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February 02, 2012

Activists: Syrian Troops Kill More Than 217 in Homs

Human rights activists say Syrian armed forces have killed at least 217 people in the city of Homs as the United Nations gets ready to vote on a resolution aimed at stopping the violence.

The Syrian Observatory For Human Rights said Friday hundreds more have been wounded. Homs has been one of the main flashpoints of opposition to the regime during the uprising that began nearly 11 months ago.

As the death toll continued to mount, the U.N.  Security Council said it will vote Saturday on a draft resolution on Syria. Russia has threatened to veto earlier versions of the resolution and the Obama administration has been pressing it to back a softened version condemning the violence in that country.

Meanwhile, opposition activists said tens of thousands of people took to the streets in cities and towns across the country to mark the 30th anniversary this week of a bloody crackdown on the city of Hama.  

Amnesty International says the February 1982 siege - ordered by the father of Syrian President Bashar al-Assad - killed between 10,000 and 25,000 people.

Video posted on the Internet claims to show Friday's marches in Homs and Damascus, as well as some in the Idlib region. Another video clip showed a mortar round exploding in a residential area of Homs Thursday.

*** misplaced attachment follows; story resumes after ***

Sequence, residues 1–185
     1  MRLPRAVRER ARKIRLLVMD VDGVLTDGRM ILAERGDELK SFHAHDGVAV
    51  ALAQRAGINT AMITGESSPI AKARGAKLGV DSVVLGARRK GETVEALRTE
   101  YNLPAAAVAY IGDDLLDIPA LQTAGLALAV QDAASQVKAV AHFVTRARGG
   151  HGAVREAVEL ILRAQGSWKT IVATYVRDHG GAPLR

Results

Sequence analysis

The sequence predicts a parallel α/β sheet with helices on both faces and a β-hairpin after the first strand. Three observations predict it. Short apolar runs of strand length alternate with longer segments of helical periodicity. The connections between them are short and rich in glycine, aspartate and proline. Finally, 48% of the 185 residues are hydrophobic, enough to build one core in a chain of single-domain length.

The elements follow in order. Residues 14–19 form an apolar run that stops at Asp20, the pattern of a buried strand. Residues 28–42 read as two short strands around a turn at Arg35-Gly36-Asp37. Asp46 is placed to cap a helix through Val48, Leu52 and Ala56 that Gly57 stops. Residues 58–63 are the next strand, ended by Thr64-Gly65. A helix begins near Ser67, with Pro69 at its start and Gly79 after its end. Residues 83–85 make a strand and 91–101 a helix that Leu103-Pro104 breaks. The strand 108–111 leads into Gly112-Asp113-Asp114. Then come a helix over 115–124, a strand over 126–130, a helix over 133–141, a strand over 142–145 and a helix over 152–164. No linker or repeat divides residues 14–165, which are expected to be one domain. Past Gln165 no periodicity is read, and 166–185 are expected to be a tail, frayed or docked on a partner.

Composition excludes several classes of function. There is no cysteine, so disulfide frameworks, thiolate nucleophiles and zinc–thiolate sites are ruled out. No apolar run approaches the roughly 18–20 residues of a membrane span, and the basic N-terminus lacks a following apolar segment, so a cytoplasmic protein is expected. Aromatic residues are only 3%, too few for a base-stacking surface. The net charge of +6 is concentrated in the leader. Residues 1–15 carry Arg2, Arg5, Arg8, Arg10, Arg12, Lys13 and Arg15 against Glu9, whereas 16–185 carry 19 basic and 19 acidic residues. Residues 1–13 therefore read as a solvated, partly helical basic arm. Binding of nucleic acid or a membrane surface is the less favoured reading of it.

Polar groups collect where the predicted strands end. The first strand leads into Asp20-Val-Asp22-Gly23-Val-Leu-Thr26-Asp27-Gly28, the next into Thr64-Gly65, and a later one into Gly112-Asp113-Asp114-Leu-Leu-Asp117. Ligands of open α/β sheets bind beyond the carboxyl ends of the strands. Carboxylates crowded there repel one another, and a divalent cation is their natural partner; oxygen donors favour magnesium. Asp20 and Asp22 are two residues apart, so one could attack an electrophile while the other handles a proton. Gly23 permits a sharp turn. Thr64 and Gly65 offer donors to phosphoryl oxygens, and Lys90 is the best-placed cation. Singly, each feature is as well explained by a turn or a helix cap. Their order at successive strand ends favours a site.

More than 300 Syrians were killed nationwide in the last week. Much of the violence has occurred near Damascus as government troops drove the rebel Free Syrian Army out of the city's eastern suburbs during several days of heavy fighting.

The Syrian government accuses armed terrorists of driving the anti-Assad revolt and killing 2,000 security personnel. The United Nations estimated the death toll from the 11-month opposition uprising and the government crackdown hit 5,400 last month. It has since stopped updating the figure because of difficulties in obtaining information.

Some information for this report was provided by AP, AFP and Reuters.

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